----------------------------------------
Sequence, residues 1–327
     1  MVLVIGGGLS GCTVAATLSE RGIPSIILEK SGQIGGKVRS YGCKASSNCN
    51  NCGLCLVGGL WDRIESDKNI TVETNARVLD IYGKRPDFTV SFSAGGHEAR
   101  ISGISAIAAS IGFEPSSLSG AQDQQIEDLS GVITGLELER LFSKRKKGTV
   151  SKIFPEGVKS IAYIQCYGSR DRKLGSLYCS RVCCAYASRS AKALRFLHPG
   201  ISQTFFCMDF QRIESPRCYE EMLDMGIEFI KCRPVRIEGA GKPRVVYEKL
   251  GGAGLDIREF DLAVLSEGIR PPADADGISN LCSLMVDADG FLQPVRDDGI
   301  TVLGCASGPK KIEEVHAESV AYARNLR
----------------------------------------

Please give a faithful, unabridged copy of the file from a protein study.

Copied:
Sequence, residues 1–327
     1  MVLVIGGGLS GCTVAATLSE RGIPSIILEK SGQIGGKVRS YGCKASSNCN
    51  NCGLCLVGGL WDRIESDKNI TVETNARVLD IYGKRPDFTV SFSAGGHEAR
   101  ISGISAIAAS IGFEPSSLSG AQDQQIEDLS GVITGLELER LFSKRKKGTV
   151  SKIFPEGVKS IAYIQCYGSR DRKLGSLYCS RVCCAYASRS AKALRFLHPG
   201  ISQTFFCMDF QRIESPRCYE EMLDMGIEFI KCRPVRIEGA GKPRVVYEKL
   251  GGAGLDIREF DLAVLSEGIR PPADADGISN LCSLMVDADG FLQPVRDDGI
   301  TVLGCASGPK KIEEVHAESV AYARNLR